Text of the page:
The underlying purpose of sanitation interventions is to protect public health. Management and investments in improvements on sanitation systems should be made based on adequate understanding of the actual health risks posed by the systems and how these risks might best be controlled.
Sanitation Safety Planning (SSP) is a risk based management tool for sanitation systems. The SSP manual provides practical step-by-step guidance to assist in the implementation of the 2006 WHO Guidelines for Safe Use of Wastewater, Excreta and Greywater in Agriculture and Aquaculture (Volume II, III, IV). However, the approach and tools in the manual can be applied to all sanitary systems to ensure the system is managed to meet health objectives.
The SSP manual is targeted at a variety of users at different levels:
- local authorities (e.g. as a tool for planning investment in sanitation especially in low resource settings);
- wastewater utility managers (e.g. to assist in managing effluent quality and safeguarding public and occupational health from source to end use or disposal);
- sanitation enterprises and farmers (e.g. to complement quality assurance procedures for safety of end products, workers, local communities, and consumers or users of the product);
- community based organizations, farmers associations and NGOs (e.g. to support community based water and sanitation programs in safe use of human wastes).
In addition to its site specific use related to a particular SSP process, SSP is also useful for those working at a national level, including:
- health authorities and regulators (e.g. as a tool to introduce risk based approaches in the sanitation sector, and verify their effectiveness);
- those guiding the development of policies and programmes to improve the sanitation management.
The SSP manual assists users to:
- systematically identify and manage health risk along the sanitation chain;
- guide investment based on actual risks, to promote health benefits and minimize adverse health impacts;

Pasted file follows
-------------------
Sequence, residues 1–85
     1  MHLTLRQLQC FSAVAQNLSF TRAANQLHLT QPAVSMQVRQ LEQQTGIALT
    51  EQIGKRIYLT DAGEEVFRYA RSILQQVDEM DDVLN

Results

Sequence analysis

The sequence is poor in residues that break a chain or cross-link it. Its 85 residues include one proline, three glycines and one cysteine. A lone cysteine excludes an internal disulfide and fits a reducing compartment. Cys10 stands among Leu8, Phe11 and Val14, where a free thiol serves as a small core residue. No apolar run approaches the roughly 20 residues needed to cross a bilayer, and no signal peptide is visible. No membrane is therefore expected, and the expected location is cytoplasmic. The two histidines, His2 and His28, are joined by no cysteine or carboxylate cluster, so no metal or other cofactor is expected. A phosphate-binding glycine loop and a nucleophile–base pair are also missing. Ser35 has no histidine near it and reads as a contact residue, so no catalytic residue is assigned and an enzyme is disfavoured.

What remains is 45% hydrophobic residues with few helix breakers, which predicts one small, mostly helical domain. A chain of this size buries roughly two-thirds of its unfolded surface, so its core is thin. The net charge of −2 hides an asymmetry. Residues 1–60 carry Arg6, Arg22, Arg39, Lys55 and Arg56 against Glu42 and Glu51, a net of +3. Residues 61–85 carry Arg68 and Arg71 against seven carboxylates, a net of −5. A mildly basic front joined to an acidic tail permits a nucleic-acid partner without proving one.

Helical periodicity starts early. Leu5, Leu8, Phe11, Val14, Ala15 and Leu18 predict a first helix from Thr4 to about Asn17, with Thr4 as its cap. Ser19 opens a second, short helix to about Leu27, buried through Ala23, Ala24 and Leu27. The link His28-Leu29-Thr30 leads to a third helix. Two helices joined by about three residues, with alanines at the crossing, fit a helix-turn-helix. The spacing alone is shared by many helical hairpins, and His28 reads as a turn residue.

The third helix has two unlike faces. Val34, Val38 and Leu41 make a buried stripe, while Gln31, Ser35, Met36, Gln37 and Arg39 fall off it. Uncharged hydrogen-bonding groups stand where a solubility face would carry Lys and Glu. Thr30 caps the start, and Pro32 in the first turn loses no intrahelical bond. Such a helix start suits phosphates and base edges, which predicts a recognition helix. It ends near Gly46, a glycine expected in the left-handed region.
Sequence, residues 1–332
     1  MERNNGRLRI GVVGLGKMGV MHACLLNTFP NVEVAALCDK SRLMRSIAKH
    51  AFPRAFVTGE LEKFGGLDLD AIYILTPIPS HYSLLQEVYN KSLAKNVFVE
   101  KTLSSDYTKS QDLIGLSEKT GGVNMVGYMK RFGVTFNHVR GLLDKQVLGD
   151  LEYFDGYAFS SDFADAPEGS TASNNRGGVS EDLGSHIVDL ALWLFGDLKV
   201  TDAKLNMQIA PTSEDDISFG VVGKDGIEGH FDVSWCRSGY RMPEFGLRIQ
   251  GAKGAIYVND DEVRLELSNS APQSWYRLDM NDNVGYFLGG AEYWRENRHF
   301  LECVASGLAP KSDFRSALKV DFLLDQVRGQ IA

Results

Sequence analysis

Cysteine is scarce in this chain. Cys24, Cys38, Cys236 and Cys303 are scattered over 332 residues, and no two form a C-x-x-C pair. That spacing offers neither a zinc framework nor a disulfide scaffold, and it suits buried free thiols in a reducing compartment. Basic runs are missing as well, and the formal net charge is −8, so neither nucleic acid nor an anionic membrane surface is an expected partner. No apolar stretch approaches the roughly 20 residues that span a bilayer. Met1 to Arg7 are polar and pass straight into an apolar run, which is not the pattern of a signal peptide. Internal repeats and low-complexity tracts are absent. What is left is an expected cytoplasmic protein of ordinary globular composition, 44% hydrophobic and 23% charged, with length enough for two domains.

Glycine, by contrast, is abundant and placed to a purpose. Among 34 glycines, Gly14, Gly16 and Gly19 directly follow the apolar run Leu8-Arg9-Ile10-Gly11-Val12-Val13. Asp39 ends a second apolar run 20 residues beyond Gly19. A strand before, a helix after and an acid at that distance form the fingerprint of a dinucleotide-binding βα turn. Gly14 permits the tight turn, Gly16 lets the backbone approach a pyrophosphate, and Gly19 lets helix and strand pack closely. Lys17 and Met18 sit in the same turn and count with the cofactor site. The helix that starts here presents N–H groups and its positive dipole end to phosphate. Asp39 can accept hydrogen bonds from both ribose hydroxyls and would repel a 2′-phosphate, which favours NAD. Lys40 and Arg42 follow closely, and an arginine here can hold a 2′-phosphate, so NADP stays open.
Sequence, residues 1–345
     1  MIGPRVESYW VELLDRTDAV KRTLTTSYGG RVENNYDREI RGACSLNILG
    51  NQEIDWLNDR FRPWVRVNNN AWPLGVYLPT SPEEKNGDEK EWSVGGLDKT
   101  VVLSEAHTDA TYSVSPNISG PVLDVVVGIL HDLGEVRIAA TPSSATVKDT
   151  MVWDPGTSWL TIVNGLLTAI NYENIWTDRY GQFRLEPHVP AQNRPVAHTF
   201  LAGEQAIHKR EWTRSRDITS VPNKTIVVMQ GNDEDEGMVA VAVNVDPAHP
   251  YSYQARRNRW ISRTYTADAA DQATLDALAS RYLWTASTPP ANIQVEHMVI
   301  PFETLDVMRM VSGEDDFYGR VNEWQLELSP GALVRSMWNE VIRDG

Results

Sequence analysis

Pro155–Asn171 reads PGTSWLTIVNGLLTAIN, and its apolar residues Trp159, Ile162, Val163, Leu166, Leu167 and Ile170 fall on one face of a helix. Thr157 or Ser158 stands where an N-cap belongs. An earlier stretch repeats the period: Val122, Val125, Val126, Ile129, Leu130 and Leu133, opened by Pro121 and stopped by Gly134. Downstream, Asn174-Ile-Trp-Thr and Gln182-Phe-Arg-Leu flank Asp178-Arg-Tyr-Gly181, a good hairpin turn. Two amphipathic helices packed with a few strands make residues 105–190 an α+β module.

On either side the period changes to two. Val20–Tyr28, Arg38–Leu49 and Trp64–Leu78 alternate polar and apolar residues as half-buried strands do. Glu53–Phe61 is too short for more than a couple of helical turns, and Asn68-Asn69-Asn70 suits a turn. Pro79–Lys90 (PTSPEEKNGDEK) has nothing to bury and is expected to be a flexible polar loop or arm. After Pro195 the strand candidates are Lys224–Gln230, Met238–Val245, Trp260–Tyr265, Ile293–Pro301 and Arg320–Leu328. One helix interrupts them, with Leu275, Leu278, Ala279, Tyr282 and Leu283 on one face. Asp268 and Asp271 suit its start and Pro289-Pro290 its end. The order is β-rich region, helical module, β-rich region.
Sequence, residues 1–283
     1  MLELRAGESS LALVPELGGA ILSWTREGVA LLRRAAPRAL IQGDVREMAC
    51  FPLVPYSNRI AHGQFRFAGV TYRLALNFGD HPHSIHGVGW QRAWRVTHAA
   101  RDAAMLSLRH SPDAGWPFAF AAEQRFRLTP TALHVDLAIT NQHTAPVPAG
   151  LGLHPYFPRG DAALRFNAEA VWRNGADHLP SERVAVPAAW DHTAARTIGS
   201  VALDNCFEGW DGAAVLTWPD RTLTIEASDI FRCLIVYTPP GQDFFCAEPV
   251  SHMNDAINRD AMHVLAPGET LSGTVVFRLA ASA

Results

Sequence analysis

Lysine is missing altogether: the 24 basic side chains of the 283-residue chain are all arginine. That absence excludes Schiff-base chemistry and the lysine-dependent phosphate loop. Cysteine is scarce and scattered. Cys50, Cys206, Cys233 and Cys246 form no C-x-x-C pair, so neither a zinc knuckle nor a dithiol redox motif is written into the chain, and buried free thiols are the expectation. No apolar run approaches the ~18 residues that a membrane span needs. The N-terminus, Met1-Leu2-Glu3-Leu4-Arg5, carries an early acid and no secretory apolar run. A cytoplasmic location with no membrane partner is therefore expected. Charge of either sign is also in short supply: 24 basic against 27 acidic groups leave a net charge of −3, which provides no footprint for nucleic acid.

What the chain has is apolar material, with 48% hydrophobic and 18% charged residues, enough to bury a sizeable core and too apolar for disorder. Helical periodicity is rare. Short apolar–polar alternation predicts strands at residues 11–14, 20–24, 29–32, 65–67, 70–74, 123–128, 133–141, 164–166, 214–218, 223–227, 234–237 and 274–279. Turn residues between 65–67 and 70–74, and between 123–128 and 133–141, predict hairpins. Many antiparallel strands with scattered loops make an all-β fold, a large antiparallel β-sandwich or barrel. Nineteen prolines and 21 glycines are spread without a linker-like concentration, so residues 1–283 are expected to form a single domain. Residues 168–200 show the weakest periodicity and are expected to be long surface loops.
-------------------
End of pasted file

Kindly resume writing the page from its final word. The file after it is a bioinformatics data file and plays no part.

- provide assurance to authorities and the public on the safety of sanitation-related products and services.
Sanitation Safety Planning Modules
This manual presents the SSP process in six modules.
Sanitation Safety Planning modules. Source: WHO (2015)
Module 1: Prepare for Sanitation Safety Planning
Preparing for the SSP process requires clarity on the priority area, the specific public health objectives of the SSP and the components in the sanitation chain that need to be included to meet the objectives. Additionally a lead organization and team need to be identified. These should represent the various steps of the sanitation system.
Module 2: Describe the Sanitation System
The main objective of Module 2 is to generate a complete description of the sanitation system within the boundary identified in Module 1. A thorough understanding of all parts the sanitation system and its performance requirements supports the subsequent risk assessment process.
Module 3: Identify Hazardous Events, Assess Existing Control Measures and Exposure Risks
An underlying purpose of all sanitation systems is to protect public health. Module 3 ensures that subsequent efforts and investments in system monitoring and improvements respond to highest health risks first.
Module 4: Develop and Implement an Incremental Improvement Plan
In Module 3, the SSP team identified the highest priority risks. Module 4 allows flexibility in selecting new control measures or other improvements that address these risks at the most effective places in the system. This process helps to ensure that funding and effort targets the highest risks with greatest urgency.
Module 5: Monitoring Control Measures and Verify Performance
Sanitation systems are dynamic. Even the most well designed systems can under-perform and result in unacceptable public health risk and loss of confidence in the service or products. Module 5 develops a monitoring plan that regularly checks that the system is operating as intended and defines what to do if it is not. Operational and verification monitoring provide assurances to the operators, the public and the authorities of adequate system performance.
Module 6: Develop Supporting Programmes and Review Plans
Module 6 supports the development of people’s skills and knowledge, and an organization’s ability and capacity to meet SSP commitments. Existing programmes (e.g. training) may be reconsidered in light of the extent to which they support the SSP objectives.